This Kitchen Company Is Turning From Manufacturing Spatulas to Making Protective Masks for First Responders
Get It Right (GIR) is beloved for their silicone kitchen utensils, but with the COVID-19 pandemic, they decided to step up and start making life-saving tools for frontline responders.
GIR is living by their name — to Get It Right.
On March 31, the silicone kitchen tool company announced the launch of a new product, reusable face masks. Founder and CEO Samantha Rose saw this as a necessary pivot as the nation faces a critical shortage of personal protective equipment (PPE), most notably N95 masks.
"Our little company had a choice to make when COVID-19 reached pandemic status: to be paralyzed, or to leap into action. So we leapt," Rose told Allrecipes. "This pivot is the outcome of hard, relentless effort over the past couple weeks. Every single person on the GIR team hustled, and we pulled off a brand-new product in time to make a difference. We are staying alive as a company. We are trying to save lives. And we have a purpose in all this darkness."
When Rose founded the company back in 2012 with a Kickstarter campaign, her goal was to create products that were practical yet innovative, and above all helpful. When her team learned of the lack of necessary equipment for frontline providers, they sprang into action.
"Get It Right isn't just a name; it's our mission," Rose said. "So we're racing against the clock to increase the supply of PPE for everyone from healthcare workers to grocery clerks."
The week of March 16th, the team sourced N95 masks for donation from three of their factories, ultimately providing 2,000 masks to local hospitals. On Saturday, March 21, the GIR team began working with their primary factory to develop a silicone face mask tool online, as well as sourcing protective filters from certified factories. By March 26, the first batches of face mask samples were developed, and four days later on March 30, GIR teammates in New York, San Francisco, and Los Angeles had the new product in-hand with the capability to sell and market online.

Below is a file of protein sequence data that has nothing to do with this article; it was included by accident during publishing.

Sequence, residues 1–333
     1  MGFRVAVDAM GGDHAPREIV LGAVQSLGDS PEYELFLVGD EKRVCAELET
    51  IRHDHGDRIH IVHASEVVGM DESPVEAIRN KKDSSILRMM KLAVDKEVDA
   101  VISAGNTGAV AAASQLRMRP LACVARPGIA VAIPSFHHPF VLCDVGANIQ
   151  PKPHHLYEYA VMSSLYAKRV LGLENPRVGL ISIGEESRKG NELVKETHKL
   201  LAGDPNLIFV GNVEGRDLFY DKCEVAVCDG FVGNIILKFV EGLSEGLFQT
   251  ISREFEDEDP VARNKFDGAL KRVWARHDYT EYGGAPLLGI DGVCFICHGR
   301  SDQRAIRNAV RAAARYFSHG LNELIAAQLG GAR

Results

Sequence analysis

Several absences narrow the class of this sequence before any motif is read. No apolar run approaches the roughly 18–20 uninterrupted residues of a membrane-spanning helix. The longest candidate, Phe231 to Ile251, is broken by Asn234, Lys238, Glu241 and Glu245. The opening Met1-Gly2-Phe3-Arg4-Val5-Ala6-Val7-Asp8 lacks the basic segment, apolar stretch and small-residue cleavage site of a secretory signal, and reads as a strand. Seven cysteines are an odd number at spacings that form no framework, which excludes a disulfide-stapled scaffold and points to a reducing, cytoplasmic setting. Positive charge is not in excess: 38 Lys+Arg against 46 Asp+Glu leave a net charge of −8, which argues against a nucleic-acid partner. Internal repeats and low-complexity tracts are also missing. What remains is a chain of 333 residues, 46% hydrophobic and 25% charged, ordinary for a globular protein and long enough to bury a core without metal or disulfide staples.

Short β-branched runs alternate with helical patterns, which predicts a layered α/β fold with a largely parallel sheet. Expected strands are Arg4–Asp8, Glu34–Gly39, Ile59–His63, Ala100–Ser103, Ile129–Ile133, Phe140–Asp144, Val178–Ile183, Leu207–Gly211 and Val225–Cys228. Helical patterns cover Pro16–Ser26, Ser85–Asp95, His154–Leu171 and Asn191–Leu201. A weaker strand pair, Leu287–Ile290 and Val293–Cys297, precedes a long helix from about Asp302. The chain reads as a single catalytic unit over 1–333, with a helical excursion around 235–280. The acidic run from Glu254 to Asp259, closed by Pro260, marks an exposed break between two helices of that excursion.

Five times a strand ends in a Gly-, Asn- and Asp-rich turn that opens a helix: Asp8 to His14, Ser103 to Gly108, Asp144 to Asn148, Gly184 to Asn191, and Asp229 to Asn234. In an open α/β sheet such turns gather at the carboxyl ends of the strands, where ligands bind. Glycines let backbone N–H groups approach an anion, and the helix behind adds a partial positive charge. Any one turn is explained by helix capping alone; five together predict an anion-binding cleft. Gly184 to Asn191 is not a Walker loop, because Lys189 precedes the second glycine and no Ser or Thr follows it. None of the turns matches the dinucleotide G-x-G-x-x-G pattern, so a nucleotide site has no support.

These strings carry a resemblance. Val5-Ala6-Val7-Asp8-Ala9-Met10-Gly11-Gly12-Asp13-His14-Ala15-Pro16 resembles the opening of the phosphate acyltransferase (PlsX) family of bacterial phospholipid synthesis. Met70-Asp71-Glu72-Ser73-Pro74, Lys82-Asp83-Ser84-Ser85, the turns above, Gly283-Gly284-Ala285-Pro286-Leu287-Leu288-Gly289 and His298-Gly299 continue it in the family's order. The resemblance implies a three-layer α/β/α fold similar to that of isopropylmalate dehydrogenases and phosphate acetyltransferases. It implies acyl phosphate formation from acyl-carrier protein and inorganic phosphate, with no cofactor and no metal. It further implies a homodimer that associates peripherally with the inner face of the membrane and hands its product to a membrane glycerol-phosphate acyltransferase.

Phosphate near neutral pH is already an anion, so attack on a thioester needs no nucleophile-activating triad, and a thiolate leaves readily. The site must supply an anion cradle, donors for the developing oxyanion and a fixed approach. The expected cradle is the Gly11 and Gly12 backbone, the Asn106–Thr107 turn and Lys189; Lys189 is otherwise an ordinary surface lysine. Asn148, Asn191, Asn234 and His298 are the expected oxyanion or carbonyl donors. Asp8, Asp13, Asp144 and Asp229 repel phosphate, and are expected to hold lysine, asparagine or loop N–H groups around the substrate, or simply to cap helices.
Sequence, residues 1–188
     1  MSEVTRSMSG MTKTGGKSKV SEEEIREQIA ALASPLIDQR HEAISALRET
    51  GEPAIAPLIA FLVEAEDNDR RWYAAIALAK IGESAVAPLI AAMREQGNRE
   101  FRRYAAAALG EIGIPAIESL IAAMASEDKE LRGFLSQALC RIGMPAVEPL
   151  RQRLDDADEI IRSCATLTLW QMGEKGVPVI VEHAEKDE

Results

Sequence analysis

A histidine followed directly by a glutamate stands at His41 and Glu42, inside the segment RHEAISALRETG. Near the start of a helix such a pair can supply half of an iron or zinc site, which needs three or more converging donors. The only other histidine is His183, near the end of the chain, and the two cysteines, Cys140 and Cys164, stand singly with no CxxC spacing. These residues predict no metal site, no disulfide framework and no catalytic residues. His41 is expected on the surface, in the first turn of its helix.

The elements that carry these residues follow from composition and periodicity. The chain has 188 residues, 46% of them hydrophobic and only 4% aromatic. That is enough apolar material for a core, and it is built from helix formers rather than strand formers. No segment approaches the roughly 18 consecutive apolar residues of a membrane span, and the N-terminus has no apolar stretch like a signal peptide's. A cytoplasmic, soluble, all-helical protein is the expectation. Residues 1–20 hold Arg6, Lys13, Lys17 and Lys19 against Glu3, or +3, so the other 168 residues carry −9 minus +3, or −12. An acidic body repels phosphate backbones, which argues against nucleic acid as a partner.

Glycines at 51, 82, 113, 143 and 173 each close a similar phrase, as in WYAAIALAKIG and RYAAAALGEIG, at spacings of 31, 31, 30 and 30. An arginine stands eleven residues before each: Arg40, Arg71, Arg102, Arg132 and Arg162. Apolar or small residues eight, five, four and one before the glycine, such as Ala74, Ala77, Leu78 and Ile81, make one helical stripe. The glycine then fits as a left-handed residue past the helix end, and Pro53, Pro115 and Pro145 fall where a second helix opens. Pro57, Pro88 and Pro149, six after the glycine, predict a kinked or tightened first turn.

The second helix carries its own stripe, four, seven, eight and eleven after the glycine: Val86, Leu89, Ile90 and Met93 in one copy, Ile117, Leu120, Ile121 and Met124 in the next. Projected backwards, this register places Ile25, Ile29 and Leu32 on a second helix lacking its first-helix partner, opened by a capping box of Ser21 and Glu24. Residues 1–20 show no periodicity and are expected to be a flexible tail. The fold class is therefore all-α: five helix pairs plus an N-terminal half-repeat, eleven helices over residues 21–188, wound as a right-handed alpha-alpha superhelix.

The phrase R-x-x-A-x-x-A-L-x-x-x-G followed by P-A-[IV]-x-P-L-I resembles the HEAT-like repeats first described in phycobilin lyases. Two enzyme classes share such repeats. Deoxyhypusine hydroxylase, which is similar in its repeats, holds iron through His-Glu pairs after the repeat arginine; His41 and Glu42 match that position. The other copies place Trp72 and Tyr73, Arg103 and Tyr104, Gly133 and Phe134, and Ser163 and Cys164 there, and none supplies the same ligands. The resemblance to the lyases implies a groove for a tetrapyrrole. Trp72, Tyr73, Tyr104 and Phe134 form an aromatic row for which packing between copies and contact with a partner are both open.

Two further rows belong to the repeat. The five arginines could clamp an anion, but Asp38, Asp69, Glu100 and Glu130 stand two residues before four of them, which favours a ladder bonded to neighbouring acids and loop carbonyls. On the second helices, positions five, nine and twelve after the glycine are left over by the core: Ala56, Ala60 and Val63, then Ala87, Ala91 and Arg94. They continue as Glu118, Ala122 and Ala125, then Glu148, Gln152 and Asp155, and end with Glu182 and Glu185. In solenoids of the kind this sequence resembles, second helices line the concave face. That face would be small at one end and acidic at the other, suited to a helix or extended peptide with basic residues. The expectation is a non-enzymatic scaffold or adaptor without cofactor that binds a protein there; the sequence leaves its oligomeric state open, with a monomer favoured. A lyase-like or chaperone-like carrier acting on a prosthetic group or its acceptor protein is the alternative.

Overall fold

In the span of two weeks, the company had shifted from spatulas to face masks, but through it all, they remained focused on being helpful.
"We're all in this together, and our reusable silicone masks and filter kits are the very best thing GIR can do to honor the Get It Right mission, right now," Rose shared. "We're donating as many as we can, with our own funds and on the shoulders of others' generosity, and we're also selling kits to individuals near cost so that every essential worker, their families, and beyond has a chance at slowing the spread of COVID-19."
Each mask, available in seven different colors, is made with medical-grade silicone, comes with five filters, and can be sterilized using an autoclave, dishwasher, or oven. Filter refills, 10 to a pack, are available for $1 each. Additionally, the company is adding a philanthropic component to sales.
"We're asking customers to Buy a Kit Donate a Kit to put masks directly into the hands of essential workers," Rose said. "We also know that for those who can afford to purchase, but can't afford to donate, even just wearing a mask can contribute to social well-being right now. We're reinvesting proceeds from every sale to fund the production of additional masks. So far, we've received over 5,000 donation pledges, and we're going to keep going until everyone is safe and the crisis is over."
Buy a mask: $15; gir.co
Masks aside, the company has also extended a 50 percent discount across their site, encouraging families to get creative in the kitchen and #cookhappy, the brand's happy-go-lucky social hashtag.
"We're donating a portion of each sale in March and April to food banks in Seattle, New York, and Los Angeles to help support people that can't access adequate meals in this volatile climate," Rose shared. "I have to add, it is deeply humbling to be a part of a team that is so invested in doing the right thing, and that has been willing to work around the clock, surrounded by their kids and families no less, to pull this off."
It's safe to say the GIR team has truly gotten it right this time.